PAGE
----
Concrete sound mirrors, used in the UK to intercept coastal attacks in the aftermath of the first world war, are captured in this photography series by Piercarclo Quecchia.
Sound mirrors are disc-shaped passive structures that are used to reflect and concentrate acoustic waves. They were used during the 1920s to intercept planes headed for the coast.
Most often constructed in concrete with a diameter of two to three metres, they could at one time be found all along the southeast and east coast of England.
In his series, called Sound Mirrors, Quecchia wanted to show how these devices take on an architectural form. He photographed the last 13 mirrors that remain on the English coast.
“They represent an incredible demonstration of how sound can generate a physical form: both the curvature radius and the dimensions of the dishes are studied and designed according to the sound frequency that they must reflect,” said Quecchia.
The precise shape and curve of the mirrors enables them to concentrate sound at a single focal point, where an operator would use a microphone and earphones to listen. The dimensions were matched to the sound waves create by aircraft engines.
Before the creation of advanced radar and electronic technologies, surveillance systems were simply an extension of the human senses. At almost 100 years old, the giant sound mirrors are now weather-worn and abandoned. The photographer hopes his images will bring back some dignity and value to them.
Quecchia is currently based in Milan where he works with an architecture studio, but he pursues photography as a hobby.
“Photography for me is mainly a tool to understand and tell about reality. I mainly focus about architecture and social dynamics,” he explained.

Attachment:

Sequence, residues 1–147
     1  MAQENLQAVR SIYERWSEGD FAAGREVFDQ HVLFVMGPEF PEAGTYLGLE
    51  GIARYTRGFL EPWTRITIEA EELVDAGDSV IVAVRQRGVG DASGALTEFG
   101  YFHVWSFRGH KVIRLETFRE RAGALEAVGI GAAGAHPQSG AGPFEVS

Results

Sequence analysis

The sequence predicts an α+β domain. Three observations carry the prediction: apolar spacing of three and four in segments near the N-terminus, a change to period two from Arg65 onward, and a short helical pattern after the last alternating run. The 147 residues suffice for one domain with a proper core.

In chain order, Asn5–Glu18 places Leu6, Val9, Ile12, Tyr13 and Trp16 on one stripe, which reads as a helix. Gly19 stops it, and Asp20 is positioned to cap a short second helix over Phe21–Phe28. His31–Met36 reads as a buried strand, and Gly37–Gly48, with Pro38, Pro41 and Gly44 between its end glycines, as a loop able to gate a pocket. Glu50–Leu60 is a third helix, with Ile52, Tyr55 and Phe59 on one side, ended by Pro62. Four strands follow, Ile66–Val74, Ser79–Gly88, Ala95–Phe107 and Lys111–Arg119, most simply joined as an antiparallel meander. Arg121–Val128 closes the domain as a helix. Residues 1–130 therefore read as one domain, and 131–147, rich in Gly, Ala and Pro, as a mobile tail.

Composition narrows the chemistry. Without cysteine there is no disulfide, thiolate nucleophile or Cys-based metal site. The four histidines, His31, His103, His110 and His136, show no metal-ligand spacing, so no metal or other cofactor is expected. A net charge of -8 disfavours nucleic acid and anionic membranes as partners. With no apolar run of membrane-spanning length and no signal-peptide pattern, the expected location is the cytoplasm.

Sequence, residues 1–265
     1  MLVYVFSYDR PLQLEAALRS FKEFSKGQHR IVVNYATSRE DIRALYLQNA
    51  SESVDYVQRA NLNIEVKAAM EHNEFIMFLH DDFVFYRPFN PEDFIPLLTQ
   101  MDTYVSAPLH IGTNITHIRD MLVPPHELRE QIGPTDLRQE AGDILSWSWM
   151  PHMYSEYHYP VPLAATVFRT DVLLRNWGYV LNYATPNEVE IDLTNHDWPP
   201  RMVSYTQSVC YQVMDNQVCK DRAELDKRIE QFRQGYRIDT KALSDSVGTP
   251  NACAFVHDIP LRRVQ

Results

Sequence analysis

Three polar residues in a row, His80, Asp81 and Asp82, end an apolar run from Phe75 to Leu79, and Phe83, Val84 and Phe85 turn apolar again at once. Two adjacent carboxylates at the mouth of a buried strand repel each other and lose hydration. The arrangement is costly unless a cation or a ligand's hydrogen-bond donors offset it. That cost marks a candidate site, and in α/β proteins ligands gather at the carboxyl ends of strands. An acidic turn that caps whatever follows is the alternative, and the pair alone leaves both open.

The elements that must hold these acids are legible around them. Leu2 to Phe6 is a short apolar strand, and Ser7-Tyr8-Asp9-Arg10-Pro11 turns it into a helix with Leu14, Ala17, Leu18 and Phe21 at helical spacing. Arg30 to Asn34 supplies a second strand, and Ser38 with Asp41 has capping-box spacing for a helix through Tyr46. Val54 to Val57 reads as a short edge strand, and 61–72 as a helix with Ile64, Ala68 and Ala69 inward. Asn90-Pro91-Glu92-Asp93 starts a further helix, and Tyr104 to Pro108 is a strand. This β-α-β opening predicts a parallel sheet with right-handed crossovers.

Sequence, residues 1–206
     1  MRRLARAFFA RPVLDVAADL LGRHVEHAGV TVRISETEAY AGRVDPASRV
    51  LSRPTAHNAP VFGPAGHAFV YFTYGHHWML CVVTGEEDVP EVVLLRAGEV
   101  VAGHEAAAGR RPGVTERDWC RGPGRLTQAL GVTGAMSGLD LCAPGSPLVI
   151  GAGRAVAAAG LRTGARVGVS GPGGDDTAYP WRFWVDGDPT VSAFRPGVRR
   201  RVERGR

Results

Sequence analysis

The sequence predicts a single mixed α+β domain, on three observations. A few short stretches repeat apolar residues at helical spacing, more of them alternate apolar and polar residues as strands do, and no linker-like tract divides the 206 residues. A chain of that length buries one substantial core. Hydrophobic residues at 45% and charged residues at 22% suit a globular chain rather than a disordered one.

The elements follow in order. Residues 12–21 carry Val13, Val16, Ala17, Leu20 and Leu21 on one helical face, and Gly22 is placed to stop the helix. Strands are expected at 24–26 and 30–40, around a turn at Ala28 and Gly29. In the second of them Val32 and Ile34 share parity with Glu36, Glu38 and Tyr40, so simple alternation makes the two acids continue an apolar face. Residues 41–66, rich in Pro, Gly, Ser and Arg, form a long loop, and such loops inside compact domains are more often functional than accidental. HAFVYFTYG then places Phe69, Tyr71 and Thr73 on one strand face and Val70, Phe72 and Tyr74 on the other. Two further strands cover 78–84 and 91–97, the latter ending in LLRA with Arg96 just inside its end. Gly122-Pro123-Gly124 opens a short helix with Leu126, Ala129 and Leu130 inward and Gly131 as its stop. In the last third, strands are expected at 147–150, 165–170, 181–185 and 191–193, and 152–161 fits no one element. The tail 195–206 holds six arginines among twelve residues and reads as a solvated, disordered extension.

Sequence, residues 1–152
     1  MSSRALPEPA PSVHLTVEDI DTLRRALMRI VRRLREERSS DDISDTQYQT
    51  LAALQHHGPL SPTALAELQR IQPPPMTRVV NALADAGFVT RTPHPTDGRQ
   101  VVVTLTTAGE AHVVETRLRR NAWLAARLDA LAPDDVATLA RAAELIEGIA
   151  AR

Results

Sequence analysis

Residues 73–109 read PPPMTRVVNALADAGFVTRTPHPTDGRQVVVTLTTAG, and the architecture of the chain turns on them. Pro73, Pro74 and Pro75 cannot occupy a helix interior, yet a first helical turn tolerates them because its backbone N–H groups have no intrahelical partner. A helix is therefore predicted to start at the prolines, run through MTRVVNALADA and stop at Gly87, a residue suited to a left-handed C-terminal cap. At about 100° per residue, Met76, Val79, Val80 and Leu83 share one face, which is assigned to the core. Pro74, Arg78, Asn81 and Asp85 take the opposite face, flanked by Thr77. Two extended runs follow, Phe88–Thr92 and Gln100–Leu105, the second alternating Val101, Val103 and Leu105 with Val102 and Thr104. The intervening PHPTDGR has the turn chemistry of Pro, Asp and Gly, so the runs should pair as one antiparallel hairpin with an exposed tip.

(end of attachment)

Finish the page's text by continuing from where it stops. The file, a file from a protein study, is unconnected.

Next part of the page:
“I’ve been always fascinated by abandoned buildings, especially in the changing of their role according to the different historical period.”
Quecchia discovered Britain’s sound mirrors through an image he saw on the cover of a UK-based psychedelic rock band.
After researching the locations, he used the satellite view on Google Maps to pinpoint the exact location of the mirrors.
“The strong materiality of the concrete and their huge dimensions makes the sound mirrors spectacular and extremely fascinating structures, able to dominate the entire surrounding landscape,” he said.
Quecchia completed the series in the summer of 2018 and is now working on an online platform where he can share an audio recording he took in each of the locations.
Italian photographers Roberto Conte and Stefano Perego are also fascinated by the role of architecture in documenting social history.
They worked together on a series of images that document the remnants of Soviet architecture in Georgia, including facades, monuments and whole buildings that showcase the country’s communist-occupied history.
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